Committee Workshop Recommendations: Strategic Planning

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01 June 2005
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Meeting Summary

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Meeting report


1 June 2005

Ms M Sotyu (ANC)

Documents handed out:
Committee Report on Strategic Planning Workshop, 1 to 3 February 2005
Draft of the proposed monitoring and evaluative tool for local police stations (email

The Chairperson discussed the recommendations reached at the Committee’s Caledon workshop, focusing particularly on the development of a monitoring tool, and the format of a questionnaire, that would assist the Committee in evaluating the implementation of policy and challenges faced at individual police stations. A Committee task team would be created to assist the development of this monitoring tool in conjunction with civic organisations and the provinces. The Chairperson also raised the problem of non-attendance by the provinces, which became a general discussion about the problems in communication between the Portfolio Committee, the Standing Committees of the Provinces, the Provincial MEC’s, the media, and the Minister. Another issue raised by Members revolved around the usefulness of more regular crime statistics being provided to the Committee.

The Chairperson noted the four provinces in attendance (North West, Limpopo, Northern Cape and Gauteng) and outlined the agenda for the meeting. The Committee would discuss the way forward from the decisions made at the workshop in Caledon, as well as the solution to Parliament’s need for a tool to monitor the effectiveness and implementation of policy decisions at the local police station level.

The Chairperson also referred to the Standing Committee of the Western Cape Provincial Legislature, who had neither attended nor sent their apologies for not attending Security Week, and who were also not currently present. This was especially regrettable as the Western Cape faced serious safety and security issues. Moreover, there had been only one representative from the Western Cape at the Independent Complaints Directorate (ICD) meeting last week.

Adv A Gaum (ANC) suggested that the Chairperson write to the Standing Committee of the Western Cape and express her dissatisfaction with both their poor attendance and lack of apology for their non-attendance. The behaviour of the Standing Committee was unacceptable and indicated an unwillingness to work with the Portfolio Committee.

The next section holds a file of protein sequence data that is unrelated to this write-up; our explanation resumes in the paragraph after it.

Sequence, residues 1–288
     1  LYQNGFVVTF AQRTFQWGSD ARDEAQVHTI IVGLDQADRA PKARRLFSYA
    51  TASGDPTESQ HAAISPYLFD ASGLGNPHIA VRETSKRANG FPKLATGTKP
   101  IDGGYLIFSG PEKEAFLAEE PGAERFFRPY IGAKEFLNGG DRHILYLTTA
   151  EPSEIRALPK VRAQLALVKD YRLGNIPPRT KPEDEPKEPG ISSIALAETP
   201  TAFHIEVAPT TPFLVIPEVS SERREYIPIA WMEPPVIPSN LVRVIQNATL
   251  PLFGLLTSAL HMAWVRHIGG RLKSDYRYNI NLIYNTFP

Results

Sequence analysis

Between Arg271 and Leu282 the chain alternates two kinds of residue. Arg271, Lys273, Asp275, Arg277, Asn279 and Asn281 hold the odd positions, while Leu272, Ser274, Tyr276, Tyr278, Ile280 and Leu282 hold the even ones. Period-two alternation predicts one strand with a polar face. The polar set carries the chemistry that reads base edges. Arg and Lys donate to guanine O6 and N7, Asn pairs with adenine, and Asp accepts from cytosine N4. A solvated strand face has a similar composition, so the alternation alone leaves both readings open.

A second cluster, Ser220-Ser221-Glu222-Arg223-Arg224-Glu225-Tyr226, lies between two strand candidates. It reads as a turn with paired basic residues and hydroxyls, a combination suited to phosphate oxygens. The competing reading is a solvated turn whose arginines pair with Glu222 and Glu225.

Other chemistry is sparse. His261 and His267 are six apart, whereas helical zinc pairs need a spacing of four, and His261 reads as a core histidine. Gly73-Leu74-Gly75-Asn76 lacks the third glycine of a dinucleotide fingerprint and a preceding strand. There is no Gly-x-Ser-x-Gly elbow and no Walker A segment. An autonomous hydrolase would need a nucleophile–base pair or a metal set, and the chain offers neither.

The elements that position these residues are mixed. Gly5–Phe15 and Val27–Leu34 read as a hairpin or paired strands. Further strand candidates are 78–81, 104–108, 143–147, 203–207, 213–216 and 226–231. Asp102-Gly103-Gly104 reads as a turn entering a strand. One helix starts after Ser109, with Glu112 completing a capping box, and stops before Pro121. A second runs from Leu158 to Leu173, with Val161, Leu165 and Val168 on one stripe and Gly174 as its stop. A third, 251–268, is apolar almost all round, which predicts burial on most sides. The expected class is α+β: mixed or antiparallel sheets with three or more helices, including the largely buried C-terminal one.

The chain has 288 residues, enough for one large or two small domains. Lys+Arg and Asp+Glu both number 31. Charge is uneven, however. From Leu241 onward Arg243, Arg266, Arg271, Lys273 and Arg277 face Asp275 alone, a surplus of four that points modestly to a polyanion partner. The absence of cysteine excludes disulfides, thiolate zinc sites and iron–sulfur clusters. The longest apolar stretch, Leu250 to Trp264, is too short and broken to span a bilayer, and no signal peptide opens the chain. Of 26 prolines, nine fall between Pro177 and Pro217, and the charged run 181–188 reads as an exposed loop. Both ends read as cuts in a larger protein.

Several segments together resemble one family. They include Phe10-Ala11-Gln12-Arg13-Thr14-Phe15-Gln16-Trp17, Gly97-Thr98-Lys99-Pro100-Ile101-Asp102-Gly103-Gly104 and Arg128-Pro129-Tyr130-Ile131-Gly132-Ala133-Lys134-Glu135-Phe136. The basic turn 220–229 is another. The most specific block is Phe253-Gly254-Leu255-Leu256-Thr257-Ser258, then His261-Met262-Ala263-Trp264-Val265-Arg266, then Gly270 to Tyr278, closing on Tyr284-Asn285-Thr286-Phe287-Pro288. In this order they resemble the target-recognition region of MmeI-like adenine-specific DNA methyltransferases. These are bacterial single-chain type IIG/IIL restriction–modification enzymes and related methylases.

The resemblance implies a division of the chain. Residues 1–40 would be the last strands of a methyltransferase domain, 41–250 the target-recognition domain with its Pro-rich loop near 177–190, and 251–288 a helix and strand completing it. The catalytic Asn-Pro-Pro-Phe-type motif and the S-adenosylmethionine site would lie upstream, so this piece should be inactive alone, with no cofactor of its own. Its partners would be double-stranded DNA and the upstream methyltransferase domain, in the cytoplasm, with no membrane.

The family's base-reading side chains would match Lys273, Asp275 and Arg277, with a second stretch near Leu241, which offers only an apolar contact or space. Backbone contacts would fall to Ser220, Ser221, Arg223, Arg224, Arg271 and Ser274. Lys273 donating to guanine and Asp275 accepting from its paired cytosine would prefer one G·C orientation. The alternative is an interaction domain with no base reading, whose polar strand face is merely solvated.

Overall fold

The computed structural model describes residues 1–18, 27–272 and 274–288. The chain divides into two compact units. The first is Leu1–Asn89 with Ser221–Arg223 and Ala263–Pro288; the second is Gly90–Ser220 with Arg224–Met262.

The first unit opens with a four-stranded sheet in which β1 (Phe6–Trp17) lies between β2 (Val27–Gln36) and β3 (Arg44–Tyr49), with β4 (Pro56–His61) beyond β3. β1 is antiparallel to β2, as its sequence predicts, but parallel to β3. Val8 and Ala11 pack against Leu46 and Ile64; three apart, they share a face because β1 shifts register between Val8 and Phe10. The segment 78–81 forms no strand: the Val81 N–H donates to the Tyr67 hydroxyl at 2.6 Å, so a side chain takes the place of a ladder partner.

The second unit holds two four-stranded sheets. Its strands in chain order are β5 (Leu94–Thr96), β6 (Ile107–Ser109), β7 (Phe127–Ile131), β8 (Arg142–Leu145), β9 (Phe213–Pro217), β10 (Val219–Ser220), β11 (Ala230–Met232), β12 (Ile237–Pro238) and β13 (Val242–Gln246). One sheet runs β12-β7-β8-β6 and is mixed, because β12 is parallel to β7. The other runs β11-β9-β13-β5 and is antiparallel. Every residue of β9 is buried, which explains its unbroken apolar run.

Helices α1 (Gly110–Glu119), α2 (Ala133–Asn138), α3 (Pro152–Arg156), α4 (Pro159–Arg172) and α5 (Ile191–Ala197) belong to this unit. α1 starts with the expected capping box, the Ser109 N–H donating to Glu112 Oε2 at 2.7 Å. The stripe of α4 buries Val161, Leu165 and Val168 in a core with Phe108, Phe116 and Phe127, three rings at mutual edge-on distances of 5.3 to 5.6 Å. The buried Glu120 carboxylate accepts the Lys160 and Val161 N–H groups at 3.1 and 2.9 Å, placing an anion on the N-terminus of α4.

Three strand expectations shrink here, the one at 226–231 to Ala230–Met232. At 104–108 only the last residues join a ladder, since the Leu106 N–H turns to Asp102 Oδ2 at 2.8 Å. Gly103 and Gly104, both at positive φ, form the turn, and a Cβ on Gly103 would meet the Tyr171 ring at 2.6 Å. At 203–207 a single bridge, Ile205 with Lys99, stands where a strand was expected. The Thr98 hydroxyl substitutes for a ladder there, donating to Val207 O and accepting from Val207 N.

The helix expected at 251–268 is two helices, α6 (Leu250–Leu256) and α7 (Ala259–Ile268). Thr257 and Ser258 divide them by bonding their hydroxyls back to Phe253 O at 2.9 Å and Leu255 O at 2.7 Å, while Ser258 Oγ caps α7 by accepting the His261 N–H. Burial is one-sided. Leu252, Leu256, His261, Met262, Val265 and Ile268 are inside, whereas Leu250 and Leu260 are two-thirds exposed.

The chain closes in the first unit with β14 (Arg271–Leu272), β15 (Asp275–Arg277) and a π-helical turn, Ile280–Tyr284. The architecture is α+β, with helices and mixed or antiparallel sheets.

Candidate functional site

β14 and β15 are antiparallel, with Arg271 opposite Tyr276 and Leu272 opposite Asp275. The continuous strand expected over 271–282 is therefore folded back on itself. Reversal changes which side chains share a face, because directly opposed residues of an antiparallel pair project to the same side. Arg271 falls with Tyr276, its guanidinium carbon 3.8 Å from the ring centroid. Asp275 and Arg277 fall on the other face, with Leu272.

The Chairperson reported that following the decisions reached at Caledon, a monitoring tool had been created, which would be the responsibility of the Portfolio Committee. A Committee task team of five or six Members would be formed to discuss this monitoring tool with the provinces and report back about a way forward. The goal of this task team was to standardise the monitoring tool document, which all stakeholders must be able to review and make suggestions about. This monitoring tool was the key to massive improvement in service delivery and increased knowledge about existing challenges.

The Chairperson reported that police stations visited in the Eastern Cape three years ago had shown no changes or implementation of new policy, and faced worse problems than previously. There was a need to monitor both the successes and failures of the provinces, although the Committee would focus a bit more on rural areas, as they had previously focused more on urban areas. Many rural stations had not been visited since 1994. Therefore, the Committee would visit police stations in Beaufort West, Laingsburg, and Prince Albert districts from June 10 to 12, 2005. After this visit, the Committee would visit other rural police stations until 15 June 2005, when they would return to Cape Town in time for their next meeting at Parliament.

The Chairperson reiterated her concern about the Standing Committee of the Western Cape, and wished that some Members of the Standing Committee would accompany the Portfolio Committee on their visit. This would be enlightening, as the Western Cape had significant problems within the police force and between the police and the community. The Standing Committee needed the Independent Complaints Directorate (ICD) and should be brought along to become more aware of the problems within their province.